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CRE Finance Council Urges Careful Implementation of Dodd-Frank Securitization Exemption
Nov 08, 2010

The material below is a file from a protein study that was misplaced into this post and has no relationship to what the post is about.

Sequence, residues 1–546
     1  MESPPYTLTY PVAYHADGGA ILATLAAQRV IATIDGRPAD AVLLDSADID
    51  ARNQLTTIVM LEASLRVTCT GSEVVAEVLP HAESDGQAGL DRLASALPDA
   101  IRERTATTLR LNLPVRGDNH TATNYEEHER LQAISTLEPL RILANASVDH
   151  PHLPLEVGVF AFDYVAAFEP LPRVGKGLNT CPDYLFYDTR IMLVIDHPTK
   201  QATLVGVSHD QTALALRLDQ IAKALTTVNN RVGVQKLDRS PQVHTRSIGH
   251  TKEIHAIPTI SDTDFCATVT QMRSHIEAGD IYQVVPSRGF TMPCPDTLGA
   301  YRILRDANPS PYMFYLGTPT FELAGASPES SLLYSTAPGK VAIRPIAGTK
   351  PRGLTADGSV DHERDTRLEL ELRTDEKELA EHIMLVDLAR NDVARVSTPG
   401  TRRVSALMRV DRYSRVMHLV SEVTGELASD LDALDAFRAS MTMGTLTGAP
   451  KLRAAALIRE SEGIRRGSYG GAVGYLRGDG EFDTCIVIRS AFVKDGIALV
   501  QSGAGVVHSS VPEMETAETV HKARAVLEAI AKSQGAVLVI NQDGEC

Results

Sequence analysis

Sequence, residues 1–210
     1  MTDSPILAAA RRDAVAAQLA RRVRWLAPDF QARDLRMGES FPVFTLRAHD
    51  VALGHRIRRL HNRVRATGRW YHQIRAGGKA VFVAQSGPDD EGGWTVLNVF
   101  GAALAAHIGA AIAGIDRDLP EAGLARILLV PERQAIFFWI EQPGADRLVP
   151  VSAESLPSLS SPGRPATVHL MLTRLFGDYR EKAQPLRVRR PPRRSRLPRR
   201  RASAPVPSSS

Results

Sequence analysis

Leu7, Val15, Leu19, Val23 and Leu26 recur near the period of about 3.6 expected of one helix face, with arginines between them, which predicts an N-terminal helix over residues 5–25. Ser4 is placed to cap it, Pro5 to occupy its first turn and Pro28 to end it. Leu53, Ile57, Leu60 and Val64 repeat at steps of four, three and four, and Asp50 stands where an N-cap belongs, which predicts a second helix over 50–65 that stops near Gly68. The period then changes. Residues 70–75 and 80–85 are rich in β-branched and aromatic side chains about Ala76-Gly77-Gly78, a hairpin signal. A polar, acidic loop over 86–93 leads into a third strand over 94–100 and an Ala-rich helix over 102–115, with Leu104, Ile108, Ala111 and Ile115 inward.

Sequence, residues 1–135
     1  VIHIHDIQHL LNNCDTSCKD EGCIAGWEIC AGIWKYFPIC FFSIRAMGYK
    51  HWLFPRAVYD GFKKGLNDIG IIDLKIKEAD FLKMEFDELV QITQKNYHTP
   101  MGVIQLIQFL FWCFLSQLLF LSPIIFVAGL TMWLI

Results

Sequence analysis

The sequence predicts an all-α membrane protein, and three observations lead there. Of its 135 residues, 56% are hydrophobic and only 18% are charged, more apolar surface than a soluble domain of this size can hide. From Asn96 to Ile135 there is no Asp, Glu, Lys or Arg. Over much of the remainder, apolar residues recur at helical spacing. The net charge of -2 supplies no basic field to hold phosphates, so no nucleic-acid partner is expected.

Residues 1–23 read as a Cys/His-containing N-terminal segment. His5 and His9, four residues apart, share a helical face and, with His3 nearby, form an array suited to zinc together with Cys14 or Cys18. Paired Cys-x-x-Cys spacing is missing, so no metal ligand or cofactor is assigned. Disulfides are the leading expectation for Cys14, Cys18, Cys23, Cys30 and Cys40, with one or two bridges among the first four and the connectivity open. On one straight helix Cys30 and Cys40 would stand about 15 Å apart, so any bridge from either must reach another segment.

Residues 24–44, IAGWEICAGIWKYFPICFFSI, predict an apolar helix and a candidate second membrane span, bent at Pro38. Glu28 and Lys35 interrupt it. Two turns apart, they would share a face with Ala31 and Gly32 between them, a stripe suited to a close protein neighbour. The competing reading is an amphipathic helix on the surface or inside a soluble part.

The CRE Finance Council has submitted a comment letter to U.S. Secretary of the Treasury Timothy Geithner, chair of the Financial Stability Oversight Council (FSOC), in response to an FSOC study on rulemaking to prohibit proprietary trading by certain financial institutions, known as the “Volcker Rule.” The Volcker Rule is intended to restrict proprietary trading by banks and their affiliates and to prohibit them from owning or investing in hedge funds and private equity funds. During consideration of the reform bill, market participants raised concerns about the overly broad restrictions on banks, and the CRE Finance Council subsequently worked with policymakers to include language that would allow ‘market-making’ activities critical to securitization. The CRE Finance Council letter emphasizes that regulators should strictly adhere to Dodd-Frank, which directs that the Volcker Rule should not be construed to limit or restrict lawful securitizations. “While Dodd-Frank explicitly exempts securitization, CRE Finance Council urges regulators to carefully consider rules to ensure that a broad application does not negatively affect the CMBS market, which is critical to a commercial real estate recovery,” said John D’Amico, chief executive officer of CREFC. “We are starting to see a timely revival of the CMBS market, but policymakers must take extra care with rules that could unintentionally impact its fragile state.” The CRE Finance Council asserted in its letter that securitization is also, as a business, conceptually different from the types of activities the Volcker Rule seeks to address. Therefore, the Council said any future recommendations with respect to regulatory implementation should not adversely impact the ability of covered entities to originate and securitize loans. “Congress exempted securitization from the Volcker rule both in recognition of securitization’s importance to the economy and in recognition that securitization is conceptually different from the types of conflicts of interest and high-risk activities the Volcker Rule seeks to address,” said D’Amico in the comment letter. “Equally important, Congress understood that certain activities are less likely to raise these types of concerns, such as risk-mitigating hedging activities, and market-making activities.” Click here to view the full comment letter. For more information, visit
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